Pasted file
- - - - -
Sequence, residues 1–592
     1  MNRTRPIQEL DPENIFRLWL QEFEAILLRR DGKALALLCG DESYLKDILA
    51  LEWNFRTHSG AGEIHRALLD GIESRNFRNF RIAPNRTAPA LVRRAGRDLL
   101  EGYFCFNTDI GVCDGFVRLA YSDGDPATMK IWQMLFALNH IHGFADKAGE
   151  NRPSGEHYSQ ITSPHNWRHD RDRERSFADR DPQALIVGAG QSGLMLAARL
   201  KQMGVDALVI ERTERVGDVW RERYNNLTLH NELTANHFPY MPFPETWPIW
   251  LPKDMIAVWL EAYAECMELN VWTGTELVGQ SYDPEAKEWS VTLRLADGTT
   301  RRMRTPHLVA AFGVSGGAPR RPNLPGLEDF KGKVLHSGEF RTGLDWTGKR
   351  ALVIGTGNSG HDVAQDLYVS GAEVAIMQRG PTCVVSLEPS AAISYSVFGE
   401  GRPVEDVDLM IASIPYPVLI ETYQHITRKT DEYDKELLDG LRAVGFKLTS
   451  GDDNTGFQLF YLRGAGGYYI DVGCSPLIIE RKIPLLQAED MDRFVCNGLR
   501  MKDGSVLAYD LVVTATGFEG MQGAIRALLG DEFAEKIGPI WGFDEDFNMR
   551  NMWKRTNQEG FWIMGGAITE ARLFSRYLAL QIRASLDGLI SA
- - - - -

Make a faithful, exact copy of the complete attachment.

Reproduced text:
Sequence, residues 1–592
     1  MNRTRPIQEL DPENIFRLWL QEFEAILLRR DGKALALLCG DESYLKDILA
    51  LEWNFRTHSG AGEIHRALLD GIESRNFRNF RIAPNRTAPA LVRRAGRDLL
   101  EGYFCFNTDI GVCDGFVRLA YSDGDPATMK IWQMLFALNH IHGFADKAGE
   151  NRPSGEHYSQ ITSPHNWRHD RDRERSFADR DPQALIVGAG QSGLMLAARL
   201  KQMGVDALVI ERTERVGDVW RERYNNLTLH NELTANHFPY MPFPETWPIW
   251  LPKDMIAVWL EAYAECMELN VWTGTELVGQ SYDPEAKEWS VTLRLADGTT
   301  RRMRTPHLVA AFGVSGGAPR RPNLPGLEDF KGKVLHSGEF RTGLDWTGKR
   351  ALVIGTGNSG HDVAQDLYVS GAEVAIMQRG PTCVVSLEPS AAISYSVFGE
   401  GRPVEDVDLM IASIPYPVLI ETYQHITRKT DEYDKELLDG LRAVGFKLTS
   451  GDDNTGFQLF YLRGAGGYYI DVGCSPLIIE RKIPLLQAED MDRFVCNGLR
   501  MKDGSVLAYD LVVTATGFEG MQGAIRALLG DEFAEKIGPI WGFDEDFNMR
   551  NMWKRTNQEG FWIMGGAITE ARLFSRYLAL QIRASLDGLI SA